Justin King will play linebacker at Tennessee and was supposed to play the position this year at Dunwoody High School.
However, the 6-foot-3, 220-pounder was shifted to quarterback after his team’s 0-2 start and King accepted the call, leading Dunwoody to three straight wins.
Dunwoody plays Southwest DeKalb at 7:30 p.m. Thursday (televised live on WSB-TV’s digital channel 2.2 and at wsbtv.com).
The future Tennessee defender is fine with playing quarterback because “the team is winning ballgames” and said his college coaches approve of it. “They like that I’m athletic enough to play different positions, especially QB. Tennessee’s coaches don’t have any problems with it. They want the best for my team, and right now that’s me playing quarterback.”
The original plan was for King to play linebacker and running back. “Having Justin at quarterback gives us a big-time weapon at the position,” Dunwoody coach Jim Showfety said.
King committed to Tennessee one day after attending UGA’s Dawg Night prospect camp last summer. He picked the Volunteers among 15 offers, which included Virginia, Central Florida and Cincinnati. He wasn’t offered by UGA or Georgia Tech and says “there are no hard feelings.”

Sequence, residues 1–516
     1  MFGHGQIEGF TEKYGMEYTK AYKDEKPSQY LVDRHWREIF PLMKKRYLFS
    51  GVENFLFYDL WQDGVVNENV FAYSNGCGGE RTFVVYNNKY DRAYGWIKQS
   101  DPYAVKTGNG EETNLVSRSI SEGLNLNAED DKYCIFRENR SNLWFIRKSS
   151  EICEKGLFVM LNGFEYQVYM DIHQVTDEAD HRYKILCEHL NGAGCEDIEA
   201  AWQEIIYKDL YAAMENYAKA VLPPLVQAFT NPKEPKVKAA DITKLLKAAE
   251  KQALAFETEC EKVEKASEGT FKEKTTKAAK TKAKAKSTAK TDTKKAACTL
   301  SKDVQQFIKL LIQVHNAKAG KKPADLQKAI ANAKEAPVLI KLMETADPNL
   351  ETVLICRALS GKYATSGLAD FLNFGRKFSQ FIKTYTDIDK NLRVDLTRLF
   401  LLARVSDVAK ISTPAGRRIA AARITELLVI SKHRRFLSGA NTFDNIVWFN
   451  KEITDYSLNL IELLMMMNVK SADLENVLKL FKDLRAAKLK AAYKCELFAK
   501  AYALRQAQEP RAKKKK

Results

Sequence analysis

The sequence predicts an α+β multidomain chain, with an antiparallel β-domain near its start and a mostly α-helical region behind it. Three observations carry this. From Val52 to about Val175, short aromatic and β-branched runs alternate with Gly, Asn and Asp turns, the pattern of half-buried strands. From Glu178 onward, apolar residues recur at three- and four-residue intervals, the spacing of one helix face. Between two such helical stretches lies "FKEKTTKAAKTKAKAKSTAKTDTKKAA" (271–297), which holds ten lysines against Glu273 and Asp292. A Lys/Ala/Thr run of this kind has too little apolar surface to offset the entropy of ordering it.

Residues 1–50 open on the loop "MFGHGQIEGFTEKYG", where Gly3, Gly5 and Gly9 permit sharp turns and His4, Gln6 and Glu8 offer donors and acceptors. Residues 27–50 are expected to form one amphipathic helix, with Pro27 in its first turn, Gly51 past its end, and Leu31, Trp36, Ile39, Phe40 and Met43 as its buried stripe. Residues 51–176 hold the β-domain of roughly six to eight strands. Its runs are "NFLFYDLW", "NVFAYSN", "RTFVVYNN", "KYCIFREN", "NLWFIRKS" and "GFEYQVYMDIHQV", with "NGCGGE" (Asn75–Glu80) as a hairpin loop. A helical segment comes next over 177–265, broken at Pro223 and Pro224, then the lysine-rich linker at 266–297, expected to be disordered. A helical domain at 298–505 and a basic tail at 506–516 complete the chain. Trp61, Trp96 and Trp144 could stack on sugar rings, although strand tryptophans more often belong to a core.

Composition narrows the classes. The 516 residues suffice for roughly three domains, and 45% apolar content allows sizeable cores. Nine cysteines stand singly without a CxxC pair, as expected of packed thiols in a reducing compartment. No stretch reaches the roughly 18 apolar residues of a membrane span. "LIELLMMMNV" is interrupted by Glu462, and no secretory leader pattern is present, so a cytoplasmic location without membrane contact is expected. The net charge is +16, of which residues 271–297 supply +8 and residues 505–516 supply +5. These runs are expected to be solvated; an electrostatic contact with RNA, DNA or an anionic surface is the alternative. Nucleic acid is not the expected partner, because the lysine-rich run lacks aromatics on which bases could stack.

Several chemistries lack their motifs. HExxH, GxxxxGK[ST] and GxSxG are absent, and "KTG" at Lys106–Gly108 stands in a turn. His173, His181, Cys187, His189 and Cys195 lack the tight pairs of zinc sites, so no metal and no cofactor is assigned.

“Georgia and Georgia Tech have to do what’s best for them, and only they know what they are looking for,” he said. “They are trying to find the players that are the best fit for their systems. I don’t have any grudges against them, and I wish both nothing but the best.”
King will make his official visit to Tennessee next month for either the LSU or South Carolina game. He may travel to Rocky Top this weekend for the UGA match. His pick? “I’ve got to pull for the Vols. That’s my future team and teammates. I can’t go wrong with picking the Vols.”
King has a 2.8 GPA and plans to major in Special Education. He got involved with a club at Dunwoody that volunteers to help children with learning disabilities and other handicaps. It stole his heart.
“There’s just something special about helping those kids,” King said. “I feel so comfortable around them every day. If you’re having a bad day, you can go in there and talk to them. You can tell by the way they are smiling and laughing, they love life. They bring me a lot of joy.”
King said when he reports to Tennessee to play football, he wants to volunteer with special-needs kids in the Knoxville area.
“The Meat Cleaver’s” nephew, Connor Weaver, is a 5-foot-11, 280-pound nose tackle for Dunwoody. Connor’s father, the late Mike Weaver, played offensive line for UGA.
“He’s a very good student and has some very good bloodlines,” Dunwoody coach Jim Showfety said. “Connor’s biggest disadvantage is his height. But once people see him in action, he can be a very effective noseguard in a 3-4 defense. I don’t know if he will go Div. I-A, but he will definitely sign I-AA.”
“The Meat Cleaver” tutors his nephew in track with the shotput during the spring.
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